Earlier this month the National Association of Evangelicals (NAE) issued a policy statement on immigration reform.  It is an excellent statement.  I urge all to read it–I mean, actually to visit the website (see, click where you should and read it.  

I say this so emphatically because I know for a fact that many have not read it, but have not allowed their personal ignorance of the actual statement to keep them from decrying its presumed contents.

A blogger labeled the statement an "amnesty statement," and this has triggered a frantic effort to protest the "unjust, cruel, horrifying stance your church has taken."  This quote is not exact, but it expresses well the sentiments of hundreds of form-letters of protest we have received at the Free Methodist Church World Ministries Center.  Permit me just three anguished observations about this.

First, it seems so ironic that followers of the One who claims to be the way, the truth and the life, should care so little about the truth.  No wonder people on the outside of the "Household of Faith" in Jesus look side-ways at us when we talk about the truth.

Second, it seems so out of character for followers of Jesus to become so angry at the idea of "amnesty."  PLEASE BE CLEAR, the statement is not an amnesty statement.  I'm commenting on the red-faced, vein-in-the-neck-bulging anger over the idea that "illegals" should receive amnesty.  What causes me such wonderment is the fact that all true followers of Jesus benefit every day of their lives and will throughout eternity, they believe, as result of something very much like amnesty.  I mean, while they were still sinners, and didn't care that they were, Christ died for them and set them free, and offered them a clean slate, never mind their multiple crimes, some of which were truly horrific.  Yet, they received new life and a new start free and clear, in a place and on a path none of them deserve to be!  Wow, sounds like good news to me!  How come the very idea of it should make some of us so angry?  To be sure, maybe it would be unwise, and perhaps it's not a good idea.  Maybe it would be foolish as public policy.  But why should people whose very eternity hinges on an incredible "free pass" become so angry over the possibility of some others experiencing a bit of what they have?  Again, BE CLEAR, the NAE statement is not an amnesty statement!  Earning citizenship and assuming all the responsibilities of citizenship by definition could not be amnesty.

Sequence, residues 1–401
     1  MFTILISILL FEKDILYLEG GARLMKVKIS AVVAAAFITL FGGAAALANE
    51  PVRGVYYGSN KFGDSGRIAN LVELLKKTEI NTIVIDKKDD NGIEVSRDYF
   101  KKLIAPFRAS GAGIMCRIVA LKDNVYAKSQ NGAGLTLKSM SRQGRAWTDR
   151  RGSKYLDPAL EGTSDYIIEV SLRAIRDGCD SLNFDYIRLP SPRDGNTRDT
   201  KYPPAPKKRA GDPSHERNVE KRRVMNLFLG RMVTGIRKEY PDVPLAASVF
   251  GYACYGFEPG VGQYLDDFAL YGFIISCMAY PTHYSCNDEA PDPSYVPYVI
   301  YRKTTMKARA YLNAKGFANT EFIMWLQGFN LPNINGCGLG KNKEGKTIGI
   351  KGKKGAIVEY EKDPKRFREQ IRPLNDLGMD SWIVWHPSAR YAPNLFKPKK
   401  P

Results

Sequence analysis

Third, it seems truly outrageous to me that some of these form-letter protests actually describe the imagined amnesty policy as "horrifying." This is outrageous because there are so many truly horrifying things in our world today, things that make Jesus weep.  How about the billions of people who do not know the free-gift Jesus offers them?  How about the millions of people who are starving, suffering from scarce or unclean water, victimized by tribal and racial animosity, enslaved by human traffickers, and languishing in refugee camps in drought stricken deserts?  How about the innocent, vulnerable children the world over not aborted by their desperately poor parent(s) (praise the Lord!) but whose living conditions should really more accurately be named "dying conditions"?

How about this final horrifying reality?  All of these horrific facts of life on planet earth could be eliminated or greatly relieved if enough people had the moral and spiritual will to do so, if enough of Jesus' followers became so outraged over these truly horrifying things and so driven by the Lord of love that something simply had to be done?